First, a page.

My high school football career nearly reached its zenith my senior year when I got my name in the local paper two weeks in a row—each time for something I didn’t do.
The first time was when we were playing one of our archrivals, the Rattlers, and my friend Willy blocked a punt that rolled tantalizingly ahead of me into the end zone. I ran like crazy to try to recover it and my only competition was Tuck, one of my teammates.
Actually, his name was Daryl, but we called him “Tuck” because a few years before everyone had called his big brother “Tuck.” His brother’s name was really Bobby, though. Go figure.
Tuck was just a bit faster than me, so he hopped onto the ball to score the touchdown. I hopped on Tuck just to make sure nothing got away (and because I was frustrated that he got to the ball first). Evidently, when I got up the local newspaper reporter saw my number and shortly afterwards, there it was in the Nashville (AR) News, “David Porter recovered the blocked kick for a touchdown.”
Tuck wasn’t very happy, but what could I say?
The very next week my teammate, Buck (Bruce) blocked a punt and I recovered it, but it was a long way from the goal line. In the next paper my journalistic friend, who evidently suffered from poor vision, wrote, “David Porter blocked the kick.”
Buck wasn’t very happy but what could I say?
We all like to get credit for what we do don’t we?
There is a strange story in Genesis 38. In nearly 36 years of preaching and teaching I don’t think I’ve ever used this text, for reasons which will become obvious.
It’s the account of a fellow named Onan who was constrained to marry his dead brother’s childless widow. According to the laws of the time he was to have children with her. The child of this union would be counted as his dead brother’s child and keep his line alive.
Onan didn’t want to produce children for his brother, so he took measures to ensure that his new wife/sister-in-law wouldn’t become pregnant.
He offended the Lord by his actions. “GOD was much offended by what he did and also took his life.” (Gen. 38:10, the Message).
This attitude of always having to receive credit for what we do can be mortal. We want to be the big cheese, the one who gets noticed, don’t we? Have you read that great book, “The 21 Irrefutable Laws of Followership”? Actually it hasn’t been written yet.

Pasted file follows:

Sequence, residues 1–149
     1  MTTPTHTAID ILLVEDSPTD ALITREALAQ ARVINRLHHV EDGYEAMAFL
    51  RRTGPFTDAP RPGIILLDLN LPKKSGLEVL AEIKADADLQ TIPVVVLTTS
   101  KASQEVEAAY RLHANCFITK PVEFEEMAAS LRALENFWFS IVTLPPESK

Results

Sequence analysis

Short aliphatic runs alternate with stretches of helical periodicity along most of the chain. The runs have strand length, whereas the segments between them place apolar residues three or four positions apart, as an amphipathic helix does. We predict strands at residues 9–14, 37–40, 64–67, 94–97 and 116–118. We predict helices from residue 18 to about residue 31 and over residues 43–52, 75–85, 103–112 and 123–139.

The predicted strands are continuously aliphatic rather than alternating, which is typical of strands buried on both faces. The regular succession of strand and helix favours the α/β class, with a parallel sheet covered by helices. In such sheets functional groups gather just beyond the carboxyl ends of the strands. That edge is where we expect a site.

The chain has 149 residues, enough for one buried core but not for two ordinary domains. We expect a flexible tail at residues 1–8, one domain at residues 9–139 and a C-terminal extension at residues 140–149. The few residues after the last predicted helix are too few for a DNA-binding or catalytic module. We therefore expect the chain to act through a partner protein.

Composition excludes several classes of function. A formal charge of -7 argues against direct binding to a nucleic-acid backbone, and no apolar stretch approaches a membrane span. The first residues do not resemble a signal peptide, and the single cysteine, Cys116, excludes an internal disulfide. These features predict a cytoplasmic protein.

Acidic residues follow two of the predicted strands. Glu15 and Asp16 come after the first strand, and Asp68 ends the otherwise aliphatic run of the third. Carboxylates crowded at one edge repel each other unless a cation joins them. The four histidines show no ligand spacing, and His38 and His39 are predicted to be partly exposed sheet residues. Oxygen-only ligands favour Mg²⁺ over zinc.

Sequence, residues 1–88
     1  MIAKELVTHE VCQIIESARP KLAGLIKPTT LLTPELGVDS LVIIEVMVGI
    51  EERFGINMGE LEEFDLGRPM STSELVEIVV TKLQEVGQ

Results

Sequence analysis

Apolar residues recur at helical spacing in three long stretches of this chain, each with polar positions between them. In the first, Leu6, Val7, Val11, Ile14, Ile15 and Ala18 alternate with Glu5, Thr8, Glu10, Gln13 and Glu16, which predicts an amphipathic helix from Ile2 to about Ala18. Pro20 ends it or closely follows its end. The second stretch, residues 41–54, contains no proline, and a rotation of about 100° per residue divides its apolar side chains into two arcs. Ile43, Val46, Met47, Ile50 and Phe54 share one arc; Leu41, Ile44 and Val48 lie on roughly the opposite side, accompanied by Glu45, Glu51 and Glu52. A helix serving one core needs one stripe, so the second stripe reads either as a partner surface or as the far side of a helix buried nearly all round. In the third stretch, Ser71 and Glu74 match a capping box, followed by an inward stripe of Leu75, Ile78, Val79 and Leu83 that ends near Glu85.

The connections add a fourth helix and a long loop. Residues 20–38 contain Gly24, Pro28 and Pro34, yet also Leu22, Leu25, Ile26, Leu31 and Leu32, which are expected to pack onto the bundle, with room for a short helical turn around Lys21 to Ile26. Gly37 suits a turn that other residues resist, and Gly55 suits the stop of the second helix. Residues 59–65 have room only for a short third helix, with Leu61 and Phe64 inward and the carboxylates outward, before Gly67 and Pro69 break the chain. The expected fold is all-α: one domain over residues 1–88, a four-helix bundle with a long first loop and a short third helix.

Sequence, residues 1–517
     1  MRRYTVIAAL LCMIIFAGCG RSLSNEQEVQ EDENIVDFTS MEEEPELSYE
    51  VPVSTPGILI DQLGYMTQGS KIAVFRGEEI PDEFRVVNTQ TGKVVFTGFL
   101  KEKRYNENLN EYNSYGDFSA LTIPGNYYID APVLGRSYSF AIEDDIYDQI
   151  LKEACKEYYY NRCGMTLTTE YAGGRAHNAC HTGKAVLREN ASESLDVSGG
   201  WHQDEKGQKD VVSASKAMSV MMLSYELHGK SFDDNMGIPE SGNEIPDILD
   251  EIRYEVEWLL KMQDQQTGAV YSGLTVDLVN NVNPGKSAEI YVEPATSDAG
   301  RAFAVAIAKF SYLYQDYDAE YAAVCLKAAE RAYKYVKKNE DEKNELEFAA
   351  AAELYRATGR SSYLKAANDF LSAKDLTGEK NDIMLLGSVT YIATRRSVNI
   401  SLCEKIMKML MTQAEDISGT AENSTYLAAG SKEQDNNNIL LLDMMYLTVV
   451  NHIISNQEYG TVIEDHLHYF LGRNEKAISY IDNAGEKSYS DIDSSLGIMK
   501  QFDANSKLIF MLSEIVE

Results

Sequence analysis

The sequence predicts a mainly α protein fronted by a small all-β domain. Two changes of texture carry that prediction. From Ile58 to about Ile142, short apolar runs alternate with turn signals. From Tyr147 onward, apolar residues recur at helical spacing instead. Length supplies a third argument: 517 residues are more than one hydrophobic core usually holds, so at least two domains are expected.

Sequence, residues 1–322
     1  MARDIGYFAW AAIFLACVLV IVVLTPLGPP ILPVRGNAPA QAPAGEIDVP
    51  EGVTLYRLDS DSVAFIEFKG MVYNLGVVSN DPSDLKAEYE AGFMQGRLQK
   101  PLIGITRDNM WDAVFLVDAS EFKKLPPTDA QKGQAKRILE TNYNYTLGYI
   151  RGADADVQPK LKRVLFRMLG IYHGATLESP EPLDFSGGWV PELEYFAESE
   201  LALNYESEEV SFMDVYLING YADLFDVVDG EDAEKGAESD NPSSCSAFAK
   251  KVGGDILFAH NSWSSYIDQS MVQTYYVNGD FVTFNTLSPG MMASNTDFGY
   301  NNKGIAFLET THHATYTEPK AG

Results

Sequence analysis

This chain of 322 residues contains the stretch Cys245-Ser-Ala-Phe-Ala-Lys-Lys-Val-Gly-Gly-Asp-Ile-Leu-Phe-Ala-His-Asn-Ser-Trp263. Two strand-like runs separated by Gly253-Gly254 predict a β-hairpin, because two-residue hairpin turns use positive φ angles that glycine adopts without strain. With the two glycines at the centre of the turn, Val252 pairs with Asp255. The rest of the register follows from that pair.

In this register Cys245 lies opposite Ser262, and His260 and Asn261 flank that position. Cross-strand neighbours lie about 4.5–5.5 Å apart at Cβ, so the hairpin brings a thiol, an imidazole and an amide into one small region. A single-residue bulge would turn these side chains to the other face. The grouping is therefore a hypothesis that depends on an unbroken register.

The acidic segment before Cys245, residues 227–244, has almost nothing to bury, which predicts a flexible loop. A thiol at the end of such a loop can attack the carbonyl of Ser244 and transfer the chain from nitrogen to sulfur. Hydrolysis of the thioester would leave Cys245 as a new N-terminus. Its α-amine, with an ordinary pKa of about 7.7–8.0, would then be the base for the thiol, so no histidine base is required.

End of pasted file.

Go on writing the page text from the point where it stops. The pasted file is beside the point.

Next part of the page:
Browse the shelves of your local Christian bookstore and count how many books your find on leadership. Now run over and see how many books there are in the “second fiddle” section.
Actually, the Bible has some good examples of people who worked hard and let others take the credit. David provided a mountain of material, plus a fortune in gold and silver to get things ready to build the temple of God. Afterwards it was called….ta dee ta da tee da … Solomon’s Temple! But David did the groundwork to set his son up for success.
Jonathan braved his dad’s wrath so that David could sit on the throne in his place. Paul had a whole team of fiddlers—second fiddle, third fiddle, fourth fiddle—working with him.
He sends greetings from this orchestra to the Colossiens.
“My good friend Tychicus will tell you all about me … I’ve sent Onesimus with him … Aristarchus, who is in jail here with me, sends greetings; also Mark, cousin of Barnabas … also Jesus, the one they call Justus … Epaphras, who is one of you, says hello … Luke, good friend and physician, and Demas both send greetings.” (Col. 4:7-14, The Message).
What role did these fellows play in Paul’s achievements? Most likely he would have accomplished very little without them.
Let’s face it, most of us aren’t important leaders. We’re part of a winning team and sometimes we end up making others look good.
But at the end, God is going to sort everything out and He’ll reward great followers just like He rewards great leaders. Do what He put you here to do and let Him worry about the credit.
Some of you may be frustrated because it seems you work hard but it’s others who are recognized, they get credit that comes in large part from your efforts.
Remember–the heavenly Journalist sees everything perfectly.
Almighty God of truth and love,
to me thy power impart;
the mountain from my soul remove,
the hardness from my heart.
O may the least omission pain
my reawakened soul,
and drive me to that blood again,
which makes the wounded whole.
Charles Wesley, 1749